3 Common Misconceptions about Autism

What is Autism Spectrum Disorder?

Autism spectrum disorder (ASD) is a social communication disorder. This means that children or adults diagnosed with autism may have difficulty understanding and interpreting meanings behind others actions. They also may have difficulty appropriately expressing their wants and needs.

Rates of autism have been rising. According to the Centers for Disease Control and Prevention the most recent estimate is 1 in every 59 children being diagnosed.

If you think your child has ASD, contact a medical professional to schedule a screening or evaluation.

Fiction: Autism can be cured.

The internet holds some amazing information, but is it all true?
A quick search on Google pulls up a multitude of article claiming Autism can be cured.

While it is possible, that a child previously diagnosed with ASD may no longer demonstrate the same symptoms; medical professionals do not unanimously consider this to mean that the child has been cured.

Treatment is different for each child as it is dependent on what the particular needs are. Some options include Occupational Therapy, Physical Therapy, Speech Language Therapy, as well as Applied Behavior Analysis.

*Seek consultation from a medical professional when considering which method or methods are right for you and your child.*

Fiction: Children with ASD are either
really smart or really dumb.

Autism Spectrum Disorder is just that; a spectrum. Like anyone, each child has their own personal potential. Everyone has things they like and don’t like, as well as things they are good at and not good at.

Sometimes children with autism are eligible for services to assist them in succeeding in school or other activities. However, simply having the diagnosis does not automatically ensure services.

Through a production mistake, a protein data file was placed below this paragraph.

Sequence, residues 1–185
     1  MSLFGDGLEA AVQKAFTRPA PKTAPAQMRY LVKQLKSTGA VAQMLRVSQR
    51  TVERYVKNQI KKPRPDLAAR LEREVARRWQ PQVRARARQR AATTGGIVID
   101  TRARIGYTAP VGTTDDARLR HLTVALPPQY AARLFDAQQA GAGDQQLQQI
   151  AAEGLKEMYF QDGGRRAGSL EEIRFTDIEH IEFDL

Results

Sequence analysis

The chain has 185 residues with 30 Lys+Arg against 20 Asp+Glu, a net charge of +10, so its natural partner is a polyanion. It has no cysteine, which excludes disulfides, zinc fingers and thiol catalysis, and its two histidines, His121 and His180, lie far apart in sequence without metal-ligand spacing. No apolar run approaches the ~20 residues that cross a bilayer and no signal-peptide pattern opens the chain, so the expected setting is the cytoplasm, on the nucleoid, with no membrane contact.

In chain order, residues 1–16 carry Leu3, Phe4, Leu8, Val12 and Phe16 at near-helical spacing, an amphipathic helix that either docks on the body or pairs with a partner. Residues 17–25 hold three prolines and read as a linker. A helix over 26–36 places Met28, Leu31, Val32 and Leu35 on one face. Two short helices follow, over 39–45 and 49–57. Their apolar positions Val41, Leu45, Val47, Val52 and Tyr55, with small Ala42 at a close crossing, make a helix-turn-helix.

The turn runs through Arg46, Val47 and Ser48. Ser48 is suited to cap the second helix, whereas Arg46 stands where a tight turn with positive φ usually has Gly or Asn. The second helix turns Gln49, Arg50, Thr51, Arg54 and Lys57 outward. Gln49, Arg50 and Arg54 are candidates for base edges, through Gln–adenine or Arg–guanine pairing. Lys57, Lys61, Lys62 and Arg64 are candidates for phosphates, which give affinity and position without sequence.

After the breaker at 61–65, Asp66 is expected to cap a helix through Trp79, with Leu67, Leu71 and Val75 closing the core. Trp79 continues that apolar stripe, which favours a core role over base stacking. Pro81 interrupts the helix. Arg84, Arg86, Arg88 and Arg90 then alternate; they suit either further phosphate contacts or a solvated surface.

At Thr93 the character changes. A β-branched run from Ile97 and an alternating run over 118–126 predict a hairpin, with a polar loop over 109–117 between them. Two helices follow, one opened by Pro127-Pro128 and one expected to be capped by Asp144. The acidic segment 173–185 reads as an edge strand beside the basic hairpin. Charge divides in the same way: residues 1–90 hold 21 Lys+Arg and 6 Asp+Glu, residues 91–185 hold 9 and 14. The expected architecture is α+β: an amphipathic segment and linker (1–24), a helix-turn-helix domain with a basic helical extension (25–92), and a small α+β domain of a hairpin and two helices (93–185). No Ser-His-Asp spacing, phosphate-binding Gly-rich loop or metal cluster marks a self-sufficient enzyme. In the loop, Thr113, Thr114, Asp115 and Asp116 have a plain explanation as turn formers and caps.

To determine if your child is eligible for services contact a medical professional to schedule a consultation.

Fiction: Children with ASD do not
feel emotions or love.

Autism is characterized as a mirror neuron disorder. Basically, this means that signals are lost or translated incorrectly. Children with ASD may have a difficult time independently recognizing and understanding how other people feel.

However, this does not mean they are incapable of feelings. Everyone expressed their attachment and love in different ways; even children with ASD. It is important to remember that they have the ability to feel as deeply as any other person, even if they express it differently.

Stay Educated

Since research on autism spectrum disorder is constant, new information and updated treatment methods are always in flow. By continuing to stay up to date on the facts you can avoid common misconceptions.

Some helpful websites include:

Centers for Disease Control and Prevention

Autism Speaks

Autism Society



Centers for Disease Control and Prevention (2019). Autism Spectrum Disorder. Retrieved from https://www.cdc.gov/ncbddd/autism/index.html

Miller Kuhaneck, H. & Watling, R. (2010). Autism: A comprehensive occupational therapy approach. American Occupational Association Press.

Tanner, Hand, O’Toole, & Lane. (2015). Autism Spectrum Disorder. AOTA Critically Approved Topics and Papers Series. Retrieved from https://www.aota.org/~/media/Corporate/Files/Secure/Practice/CCL/Autism/Autism_RRB_%20Play_%20Leisure_CAT.pdf


Published Nov. 2019